administrative record and, where appropriate, to supplementary
affidavits or deposition excerpts from agency officials." Id. at
Following discussions among the parties and a pre-trial
conference before the Court, on December 30, 1998, the Court
approved the parties' joint stipulation and scheduling order,
memorializing the parties' agreement to submit these claims to
the Court for final judgment, and establishing a briefing
schedule pursuant to Fed. R. Civ. P. 16(b).
Although the Court has twice denied the parties' motions for
summary judgment on the remaining claims in this suit, the Court
applies a different legal standard to the cross-motions now
before it. In considering the parties' earlier motions for
summary judgment, the Court was bound to make all reasonable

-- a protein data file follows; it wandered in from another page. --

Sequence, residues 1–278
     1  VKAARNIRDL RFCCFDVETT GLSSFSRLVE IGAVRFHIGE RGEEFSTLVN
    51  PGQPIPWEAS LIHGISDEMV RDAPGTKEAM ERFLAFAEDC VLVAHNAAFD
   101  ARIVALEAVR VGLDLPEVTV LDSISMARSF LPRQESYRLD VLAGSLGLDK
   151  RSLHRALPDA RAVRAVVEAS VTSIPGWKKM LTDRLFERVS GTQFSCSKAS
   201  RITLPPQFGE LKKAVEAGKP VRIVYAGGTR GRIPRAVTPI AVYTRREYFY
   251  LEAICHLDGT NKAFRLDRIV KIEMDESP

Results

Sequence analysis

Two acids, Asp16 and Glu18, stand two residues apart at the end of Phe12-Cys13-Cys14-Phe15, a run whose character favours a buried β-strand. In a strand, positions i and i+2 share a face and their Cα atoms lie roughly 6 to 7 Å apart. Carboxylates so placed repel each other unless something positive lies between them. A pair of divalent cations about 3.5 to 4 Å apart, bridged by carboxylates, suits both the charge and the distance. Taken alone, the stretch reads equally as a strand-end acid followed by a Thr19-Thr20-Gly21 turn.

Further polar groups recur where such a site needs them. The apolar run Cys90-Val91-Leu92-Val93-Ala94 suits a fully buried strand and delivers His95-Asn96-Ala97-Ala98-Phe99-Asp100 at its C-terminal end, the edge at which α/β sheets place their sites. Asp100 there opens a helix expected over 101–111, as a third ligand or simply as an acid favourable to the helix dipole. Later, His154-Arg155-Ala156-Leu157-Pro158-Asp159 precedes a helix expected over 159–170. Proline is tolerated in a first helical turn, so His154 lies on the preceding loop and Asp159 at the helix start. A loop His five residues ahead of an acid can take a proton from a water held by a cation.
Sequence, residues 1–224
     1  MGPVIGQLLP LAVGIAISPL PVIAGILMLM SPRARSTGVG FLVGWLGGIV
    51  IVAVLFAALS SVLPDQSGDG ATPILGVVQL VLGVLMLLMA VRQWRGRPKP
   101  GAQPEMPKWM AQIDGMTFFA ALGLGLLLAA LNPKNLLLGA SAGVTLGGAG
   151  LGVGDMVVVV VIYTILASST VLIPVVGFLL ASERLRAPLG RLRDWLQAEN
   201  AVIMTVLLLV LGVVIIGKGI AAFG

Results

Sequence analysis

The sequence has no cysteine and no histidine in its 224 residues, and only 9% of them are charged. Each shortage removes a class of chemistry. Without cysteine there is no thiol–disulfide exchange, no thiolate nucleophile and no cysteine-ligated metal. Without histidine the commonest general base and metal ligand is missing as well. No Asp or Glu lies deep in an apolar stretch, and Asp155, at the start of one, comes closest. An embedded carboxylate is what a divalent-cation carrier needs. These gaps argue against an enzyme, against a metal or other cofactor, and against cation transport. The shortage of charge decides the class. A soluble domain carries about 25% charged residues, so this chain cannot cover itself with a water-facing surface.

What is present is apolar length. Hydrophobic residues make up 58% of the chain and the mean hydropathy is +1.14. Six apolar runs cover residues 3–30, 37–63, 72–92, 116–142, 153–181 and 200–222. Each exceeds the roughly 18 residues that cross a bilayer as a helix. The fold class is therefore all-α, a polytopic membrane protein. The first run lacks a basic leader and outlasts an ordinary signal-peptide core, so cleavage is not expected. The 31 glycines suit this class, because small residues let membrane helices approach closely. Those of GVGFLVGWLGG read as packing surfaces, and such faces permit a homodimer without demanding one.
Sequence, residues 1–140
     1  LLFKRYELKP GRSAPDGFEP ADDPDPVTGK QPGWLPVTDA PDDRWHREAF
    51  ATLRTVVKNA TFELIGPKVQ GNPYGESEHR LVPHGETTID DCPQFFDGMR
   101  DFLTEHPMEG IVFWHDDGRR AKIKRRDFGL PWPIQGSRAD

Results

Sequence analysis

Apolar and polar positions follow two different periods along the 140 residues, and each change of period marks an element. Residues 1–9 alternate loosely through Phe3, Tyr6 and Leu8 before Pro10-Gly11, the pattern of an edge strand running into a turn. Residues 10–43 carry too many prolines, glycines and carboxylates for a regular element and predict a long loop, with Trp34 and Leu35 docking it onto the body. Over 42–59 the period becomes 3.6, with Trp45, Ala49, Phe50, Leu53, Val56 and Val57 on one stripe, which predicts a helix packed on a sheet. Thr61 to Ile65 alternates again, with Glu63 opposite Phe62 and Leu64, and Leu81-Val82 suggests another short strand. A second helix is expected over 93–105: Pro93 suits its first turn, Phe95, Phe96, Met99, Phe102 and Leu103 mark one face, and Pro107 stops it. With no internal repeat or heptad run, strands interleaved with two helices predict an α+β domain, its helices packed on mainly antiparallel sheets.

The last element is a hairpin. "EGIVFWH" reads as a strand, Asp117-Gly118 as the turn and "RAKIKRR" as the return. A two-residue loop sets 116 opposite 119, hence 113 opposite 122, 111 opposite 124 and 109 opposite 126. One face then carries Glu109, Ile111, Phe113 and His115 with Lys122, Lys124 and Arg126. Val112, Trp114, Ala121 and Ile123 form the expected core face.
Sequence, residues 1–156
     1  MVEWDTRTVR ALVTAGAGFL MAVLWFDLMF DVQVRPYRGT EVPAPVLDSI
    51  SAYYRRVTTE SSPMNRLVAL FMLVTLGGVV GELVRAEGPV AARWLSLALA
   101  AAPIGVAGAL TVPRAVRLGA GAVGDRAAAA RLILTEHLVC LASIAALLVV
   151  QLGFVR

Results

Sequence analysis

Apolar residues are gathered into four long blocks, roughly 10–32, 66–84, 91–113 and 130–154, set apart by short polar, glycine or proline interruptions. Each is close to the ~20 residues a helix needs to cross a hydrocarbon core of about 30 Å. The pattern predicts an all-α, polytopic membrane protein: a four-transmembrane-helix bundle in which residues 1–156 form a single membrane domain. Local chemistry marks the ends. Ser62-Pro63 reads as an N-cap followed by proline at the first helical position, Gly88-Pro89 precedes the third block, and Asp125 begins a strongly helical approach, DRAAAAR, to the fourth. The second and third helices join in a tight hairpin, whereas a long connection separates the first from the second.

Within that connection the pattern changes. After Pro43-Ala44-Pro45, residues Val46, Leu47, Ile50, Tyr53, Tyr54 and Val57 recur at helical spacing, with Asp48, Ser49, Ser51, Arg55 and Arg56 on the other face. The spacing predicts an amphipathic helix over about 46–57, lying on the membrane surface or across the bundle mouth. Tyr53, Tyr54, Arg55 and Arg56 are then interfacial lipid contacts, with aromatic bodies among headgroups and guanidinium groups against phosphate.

inferences in favor of the moving party. See Anderson v. Liberty
Lobby, Inc.,, 477 U.S. 242, 255 (1986); see also Holt v.
KMI-Continental, Inc.,, 95 F.3d 123, 128 (2d Cir. 1996). In deciding
the parties' cross-motions for final judgment, however, neither
side enjoys such an advantage.
II. Rights and Remedies upon Judicial Review of Agency Action
The Court makes a preliminary observation regarding the nature
of remedies available to plaintiffs in a citizen suit for
judicial review of administrative agency action. While a
discussion of remedies may seem premature at this stage, prior to
adjudication of plaintiffs' claims, the Court feels it is
necessary to correct some misconceptions held by plaintiffs, and
to establish a framework for addressing the merits of their
In their papers, plaintiffs refer to questions of defendants'
"liability." See. e.g.,